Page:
5. Yep. Even if there was some value from the old SMs comments, it lost any integrity by the way it was delivered. Changing scoutmasters is tricky because the new scoutmaster has to find their footing without the heavy shadow of previous SM hanging in the air. Yet, the old SM can be a great resource. But, it’s tricky. At the request of my replacement, I took six months off from the program. And when I did give advice, it was in person or through the CC. Actually, the CC was the person who sought out most of my advice with some of the challenges the new SM found himself in. I th
  6. Done correctly, commissioner is both fun and rewarding. But, that kind of program requires good leadership. District Commissioner was my dream job after I retired from Scoutmaster, but council and district burned me out the next few years and I retired completely from scouting. They came to my door and offered me the job 3 years later, but I developed to many new habits with the family to jump back into the program. My loss. Barry
  7. That is rare, but the way it should be. How do you rate your commissioner corp.? Barry
  8. Good point. The reason for the mistrust is because most of the actions unit leaders see from commissioners has the perception of authority. Right or wrong, commissioners are perceived as disciplinaries for the districts. Most participants of adult leader training classes express that a major benefit of the classes is making new friends. How many of those participants or teachers are commissioners? Commissioners don't mingle enough within the activities to build a friendship and trust. If we choose to recruit experienced scouters for the role of commissioners, then they need to show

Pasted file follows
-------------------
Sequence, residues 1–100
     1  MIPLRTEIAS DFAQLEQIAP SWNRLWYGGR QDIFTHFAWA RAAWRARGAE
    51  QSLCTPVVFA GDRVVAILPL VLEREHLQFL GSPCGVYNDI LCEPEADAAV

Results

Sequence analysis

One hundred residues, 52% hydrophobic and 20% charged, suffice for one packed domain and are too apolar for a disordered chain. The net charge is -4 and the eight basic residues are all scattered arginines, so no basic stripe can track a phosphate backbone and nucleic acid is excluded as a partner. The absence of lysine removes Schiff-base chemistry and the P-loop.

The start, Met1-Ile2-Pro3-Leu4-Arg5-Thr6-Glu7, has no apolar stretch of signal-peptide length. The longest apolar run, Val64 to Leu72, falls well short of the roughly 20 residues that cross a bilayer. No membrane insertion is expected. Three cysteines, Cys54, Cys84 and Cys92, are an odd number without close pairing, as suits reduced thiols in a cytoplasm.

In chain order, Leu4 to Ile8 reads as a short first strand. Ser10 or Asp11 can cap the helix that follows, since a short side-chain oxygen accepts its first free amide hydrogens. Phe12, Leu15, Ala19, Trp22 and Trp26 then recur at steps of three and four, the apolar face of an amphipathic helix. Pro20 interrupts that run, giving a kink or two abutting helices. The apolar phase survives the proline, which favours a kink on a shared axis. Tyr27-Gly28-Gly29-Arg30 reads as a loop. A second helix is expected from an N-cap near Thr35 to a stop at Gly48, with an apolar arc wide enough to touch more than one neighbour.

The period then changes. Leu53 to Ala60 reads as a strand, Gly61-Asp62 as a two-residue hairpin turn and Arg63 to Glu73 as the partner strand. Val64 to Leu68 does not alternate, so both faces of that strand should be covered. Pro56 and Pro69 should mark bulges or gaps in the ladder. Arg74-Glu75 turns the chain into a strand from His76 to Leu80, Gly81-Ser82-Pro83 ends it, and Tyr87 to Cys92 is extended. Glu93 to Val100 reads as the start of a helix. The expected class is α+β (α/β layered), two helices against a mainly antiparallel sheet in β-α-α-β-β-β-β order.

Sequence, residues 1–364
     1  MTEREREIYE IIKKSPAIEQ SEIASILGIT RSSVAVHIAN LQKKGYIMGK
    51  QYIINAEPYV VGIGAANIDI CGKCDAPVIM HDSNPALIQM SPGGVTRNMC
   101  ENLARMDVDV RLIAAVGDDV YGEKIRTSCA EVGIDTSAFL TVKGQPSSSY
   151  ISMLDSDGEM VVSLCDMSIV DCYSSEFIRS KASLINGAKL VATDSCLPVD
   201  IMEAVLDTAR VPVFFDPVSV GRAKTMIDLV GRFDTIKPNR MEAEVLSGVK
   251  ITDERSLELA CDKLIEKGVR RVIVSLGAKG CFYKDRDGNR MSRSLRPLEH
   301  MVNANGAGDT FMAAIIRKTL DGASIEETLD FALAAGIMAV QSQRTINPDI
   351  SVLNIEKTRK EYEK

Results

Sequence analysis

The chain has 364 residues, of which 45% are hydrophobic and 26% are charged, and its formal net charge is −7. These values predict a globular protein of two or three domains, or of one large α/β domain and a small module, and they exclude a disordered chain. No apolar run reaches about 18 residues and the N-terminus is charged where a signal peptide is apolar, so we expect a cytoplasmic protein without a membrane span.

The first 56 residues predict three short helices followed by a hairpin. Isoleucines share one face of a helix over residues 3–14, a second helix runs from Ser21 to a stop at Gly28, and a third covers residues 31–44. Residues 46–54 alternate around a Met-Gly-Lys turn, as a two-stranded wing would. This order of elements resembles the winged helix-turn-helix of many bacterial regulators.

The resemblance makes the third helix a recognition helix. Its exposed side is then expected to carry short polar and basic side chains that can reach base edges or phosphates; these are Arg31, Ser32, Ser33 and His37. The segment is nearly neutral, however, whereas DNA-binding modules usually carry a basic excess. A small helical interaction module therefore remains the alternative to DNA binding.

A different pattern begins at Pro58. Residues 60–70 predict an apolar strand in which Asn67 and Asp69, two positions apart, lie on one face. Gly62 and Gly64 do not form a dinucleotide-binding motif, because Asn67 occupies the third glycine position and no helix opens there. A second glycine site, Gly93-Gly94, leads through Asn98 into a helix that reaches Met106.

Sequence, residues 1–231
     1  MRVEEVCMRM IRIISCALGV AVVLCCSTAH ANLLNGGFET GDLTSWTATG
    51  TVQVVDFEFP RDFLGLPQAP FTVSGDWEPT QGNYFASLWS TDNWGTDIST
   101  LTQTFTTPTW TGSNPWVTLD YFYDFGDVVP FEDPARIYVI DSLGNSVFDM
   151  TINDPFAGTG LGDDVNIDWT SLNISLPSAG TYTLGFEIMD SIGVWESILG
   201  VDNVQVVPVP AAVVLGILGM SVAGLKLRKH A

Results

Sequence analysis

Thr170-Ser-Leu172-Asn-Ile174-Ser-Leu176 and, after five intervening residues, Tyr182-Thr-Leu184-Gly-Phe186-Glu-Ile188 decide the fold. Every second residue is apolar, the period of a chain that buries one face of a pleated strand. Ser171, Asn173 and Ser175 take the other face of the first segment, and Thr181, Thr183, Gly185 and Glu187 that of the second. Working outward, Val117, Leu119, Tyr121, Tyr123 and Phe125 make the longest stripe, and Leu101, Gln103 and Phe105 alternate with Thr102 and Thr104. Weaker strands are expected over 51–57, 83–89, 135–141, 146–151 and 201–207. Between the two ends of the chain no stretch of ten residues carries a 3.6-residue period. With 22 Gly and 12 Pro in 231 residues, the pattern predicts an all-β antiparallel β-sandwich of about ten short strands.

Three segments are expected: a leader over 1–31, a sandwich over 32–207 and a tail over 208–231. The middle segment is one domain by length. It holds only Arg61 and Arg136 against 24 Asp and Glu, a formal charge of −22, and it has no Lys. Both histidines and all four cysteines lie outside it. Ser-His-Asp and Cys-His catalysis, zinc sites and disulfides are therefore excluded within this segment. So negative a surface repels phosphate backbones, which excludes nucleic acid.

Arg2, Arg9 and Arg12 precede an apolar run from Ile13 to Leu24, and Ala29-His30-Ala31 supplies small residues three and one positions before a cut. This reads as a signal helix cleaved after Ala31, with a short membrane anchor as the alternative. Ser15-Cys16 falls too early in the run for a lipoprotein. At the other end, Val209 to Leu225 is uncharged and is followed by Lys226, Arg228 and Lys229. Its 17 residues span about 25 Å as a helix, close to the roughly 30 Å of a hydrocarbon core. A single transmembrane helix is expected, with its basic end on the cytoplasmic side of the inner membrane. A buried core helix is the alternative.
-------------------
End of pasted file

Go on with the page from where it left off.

9. Your opinion is certainly just an opinion. As an engineer who has to think logically every day in big pictures to work problems, your opinion doesn't makes sense because you don't have any information, proof, or data to show that your theory is killing scouting. None. There are a lot of dynamics going on in the world, culture, and BSA, at the moment, so how could anyone determine what is killing scouting? Or if scouting is even dying.; Sure, the BSA is taking hits right now, but can we really say that is the result of actions within the BSA. The world is in a mess and a lot of organizati